Posts By: charlottes

Siobhan Davies and Charlie Morrissey come in

The Next Choreography group had their first guest artists this week, and none other than Siobhan Davies and Charlie Morrissey to share some of the ideas and processes that they went through in the development of their work  Table of Contents. Here are a few snaps from the session to give a glimpse of what we got up to.

Sue tells us how it is!

Siobhan tells us how it is!

Emily and Isla working

Emily and Isla working

Emily asks a question

Emily asks a question

Cherilyn and Emily in the zone

Cherilyn and Emily in the zone

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The moving body responding

It’s week 3, and in advance of other artists coming in and us starting to go and see stuff, I wanted to focus our attentions this evening on the nature of noticing, witnessing, listening and responding. But I also felt that we haven’t spent much time moving together yet, and I wanted to allow the session to be about meeting and responding through/with our bodies. I let the group choose between more moving or less moving. They chose more, and so the responding and listening and witnessing was probably more through moving than through talking. This culminated in sharing those experiences, through writing.

In discussion Aura and Emily

Aura and Emily sharing their writing

 

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Cultivating curiosity

After many months of preparations and recruitment, Next Choreography has started! The group met for the first time last tuesday evening and we started out by making our own manifesto for the year to come – as a group what feels important to us? what are the guidelines/frameworks that we will hope to live by? The process of constructing this brought up some interesting and I think useful conversations about care, support, space for failure and vulnerability, space for making a mess and getting lost – seeing these as essential ingredients for creativity to thrive.

As facilitator of the course, for me, my strongest aims for this course are about cultivating curiosity. If each person in the group walks away at the end of the year with a clearer idea about what their practice is, what it is that they’re really really curious about, hungry to keep investigating it and a few tools in their pockets to help with that journey, then I will be happy.

Tonight the group are going to do Walking Stories – my most recent piece of artistic work – a choreographed group audio walk for green spaces. Let’s see how that goes down!

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Designed Elements – Transforming an outdoor space with choreography and landscape design

Photo by Gorm Ashurst

Photo by Gorm Ashurst

Photo by Gorm Ashurst

Photo by Gorm Ashurst

Photo by Gorm Ashurst

Photo by Gorm Ashurst

 

In August I worked for 6 days with an enthusiastic and energetic group of young people to create a new outdoor performance work, Designed Elements. We had the privilege of working on an extremely ‘cool’ site – new pop-up music venue, The Paperworks in partnership with landscape designer, Anoushka Feiler.

From the first time I visited the site I was struck by its wide array of textures. Huge old rusting iron structures – the remains of the papermill that had previously inhabited the site; the busy train line running from Elephant & Castle into London Bridge with thundering rhythmic screeching wheels creating an immediate backdrop/sound scape; the graffiti covering the crumbling brick walls – a taste of rebellion; the plants growing through the walls – a reminder of nature’s capacity and tenacity for it’s own version of regeneration; the energy and activity of this new set of bars, DJs, food stalls – a look of London.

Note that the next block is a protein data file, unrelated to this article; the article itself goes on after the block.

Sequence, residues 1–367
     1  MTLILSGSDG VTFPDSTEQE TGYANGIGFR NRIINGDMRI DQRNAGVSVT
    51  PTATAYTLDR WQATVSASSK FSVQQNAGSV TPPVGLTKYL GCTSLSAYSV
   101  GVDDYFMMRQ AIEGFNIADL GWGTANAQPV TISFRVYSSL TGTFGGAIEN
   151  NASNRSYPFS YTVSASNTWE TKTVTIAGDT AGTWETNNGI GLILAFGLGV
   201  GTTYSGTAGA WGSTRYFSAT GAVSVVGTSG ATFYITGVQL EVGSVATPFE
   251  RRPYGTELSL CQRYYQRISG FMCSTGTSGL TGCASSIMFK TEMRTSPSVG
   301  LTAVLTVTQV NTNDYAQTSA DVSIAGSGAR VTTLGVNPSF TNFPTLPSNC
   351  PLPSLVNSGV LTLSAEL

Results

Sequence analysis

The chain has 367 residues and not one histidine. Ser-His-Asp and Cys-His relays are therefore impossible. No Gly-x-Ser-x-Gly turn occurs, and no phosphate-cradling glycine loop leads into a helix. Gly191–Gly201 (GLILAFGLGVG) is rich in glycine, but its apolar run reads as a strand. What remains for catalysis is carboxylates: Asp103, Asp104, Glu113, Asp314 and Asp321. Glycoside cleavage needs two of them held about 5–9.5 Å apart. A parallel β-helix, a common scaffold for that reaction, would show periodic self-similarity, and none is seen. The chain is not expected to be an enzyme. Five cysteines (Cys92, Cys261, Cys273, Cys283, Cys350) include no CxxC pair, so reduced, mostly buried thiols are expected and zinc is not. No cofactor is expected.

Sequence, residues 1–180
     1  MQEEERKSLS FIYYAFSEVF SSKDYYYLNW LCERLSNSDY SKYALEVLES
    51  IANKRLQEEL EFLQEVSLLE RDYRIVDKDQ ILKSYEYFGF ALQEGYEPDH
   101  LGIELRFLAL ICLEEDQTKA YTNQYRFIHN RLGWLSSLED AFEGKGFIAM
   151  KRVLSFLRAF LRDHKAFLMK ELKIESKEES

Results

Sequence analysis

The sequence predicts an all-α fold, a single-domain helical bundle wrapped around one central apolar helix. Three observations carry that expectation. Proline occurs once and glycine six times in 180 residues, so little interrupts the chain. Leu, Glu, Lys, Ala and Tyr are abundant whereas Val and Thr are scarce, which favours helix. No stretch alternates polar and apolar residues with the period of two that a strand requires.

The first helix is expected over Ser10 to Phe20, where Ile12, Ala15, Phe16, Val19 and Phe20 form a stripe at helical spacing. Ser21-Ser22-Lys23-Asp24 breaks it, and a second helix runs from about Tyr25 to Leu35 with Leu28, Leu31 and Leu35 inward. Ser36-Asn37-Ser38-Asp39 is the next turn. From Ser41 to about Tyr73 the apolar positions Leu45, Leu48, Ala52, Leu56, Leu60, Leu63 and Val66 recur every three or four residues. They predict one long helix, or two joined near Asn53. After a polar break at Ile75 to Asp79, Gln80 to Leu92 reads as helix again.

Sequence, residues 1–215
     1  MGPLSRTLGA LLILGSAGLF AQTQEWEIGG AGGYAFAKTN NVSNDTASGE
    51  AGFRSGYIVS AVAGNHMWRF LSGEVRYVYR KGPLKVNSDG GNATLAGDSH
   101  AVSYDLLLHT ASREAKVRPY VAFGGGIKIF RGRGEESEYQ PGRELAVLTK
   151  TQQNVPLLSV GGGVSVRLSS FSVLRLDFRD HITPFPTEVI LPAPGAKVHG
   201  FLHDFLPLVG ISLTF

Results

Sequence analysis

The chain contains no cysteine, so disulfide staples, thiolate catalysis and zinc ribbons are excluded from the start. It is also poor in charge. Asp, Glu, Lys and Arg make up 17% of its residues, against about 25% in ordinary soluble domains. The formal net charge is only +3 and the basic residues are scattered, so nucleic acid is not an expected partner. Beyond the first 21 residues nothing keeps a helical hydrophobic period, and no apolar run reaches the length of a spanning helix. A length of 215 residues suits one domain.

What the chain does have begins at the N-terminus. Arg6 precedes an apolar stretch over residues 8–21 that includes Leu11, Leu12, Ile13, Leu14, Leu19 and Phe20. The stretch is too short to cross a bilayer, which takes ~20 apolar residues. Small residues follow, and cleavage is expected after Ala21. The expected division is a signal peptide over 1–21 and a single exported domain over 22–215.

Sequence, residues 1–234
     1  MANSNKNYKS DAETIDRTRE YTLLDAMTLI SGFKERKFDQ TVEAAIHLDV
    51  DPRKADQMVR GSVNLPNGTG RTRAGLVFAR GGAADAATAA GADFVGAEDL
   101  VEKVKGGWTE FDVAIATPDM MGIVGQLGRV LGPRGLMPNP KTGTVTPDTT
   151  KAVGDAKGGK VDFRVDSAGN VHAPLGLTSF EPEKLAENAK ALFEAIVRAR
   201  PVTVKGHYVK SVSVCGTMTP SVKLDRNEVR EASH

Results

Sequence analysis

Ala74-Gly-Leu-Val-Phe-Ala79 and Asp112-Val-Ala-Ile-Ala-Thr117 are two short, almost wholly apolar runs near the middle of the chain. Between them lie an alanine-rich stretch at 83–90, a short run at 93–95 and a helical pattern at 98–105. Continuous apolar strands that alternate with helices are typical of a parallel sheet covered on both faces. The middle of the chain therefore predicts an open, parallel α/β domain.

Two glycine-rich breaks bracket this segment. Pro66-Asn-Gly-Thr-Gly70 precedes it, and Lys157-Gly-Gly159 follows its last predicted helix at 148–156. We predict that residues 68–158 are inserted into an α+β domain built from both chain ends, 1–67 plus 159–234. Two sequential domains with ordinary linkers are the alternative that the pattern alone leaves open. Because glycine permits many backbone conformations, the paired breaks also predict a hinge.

For both Anoushka and I, the history and the architecture of the space felt important. The endless possibilities for transforming both the utility and the feeling of the space felt important. The opportunity to mark out a new territory and imprint new stories into this already multi-layered site felt important together with making visible the connections between the cycles of physical human life and plant life: new seeds being nourished and growing, life flourishing and then gradually decaying and decomposing back into the ground. I wanted to find a way to reflect the duality of the fleeting/busy/temporary qualities of London with the slower, stiller feeling of the buildings, the trees – also temporary and changing, but on a different thickness of time. These were our shared starting points for both the garden design and the choreographic ideas.

This is what I proposed to the group on the first day:
We will:

Run, lift things, move things, lie in the ground
Plant things
Make wishes
Build sculptures and knock them down
Leave secret messages
Watch
Listen
Invite
Respond
Make a mess
Clear it up
Take risks
Do small delicate things
Do big sweeping things
Be tired sometimes and energetic at other times
Support each other in all of this
Write, draw and think as well as move

We worked hard, and as always the group and the space surprised and inspired me. Below is what our programme notes said – they were written by all the group, hiding under the tarpaulin as the torrential rain thundered down. This is just a fragment of what got written that afternoon, but in all of their words I felt the warm satisfying glow of realising how deeply they had grasped what I was trying to share with them.

We want to stay a part of something, but if that something changes too often, must we run to keep up? Or perhaps we fall behind in hope that we will find what was once beneath us.

We are a fleeting city
our landscape is constantly re-arranging itself
melded, bolted together
We rebuilt this world
somewhere between growth and decay
seeding new ideas
Reaching upwards. Falling back. Together.
A cluster. A line. Leave none behind.

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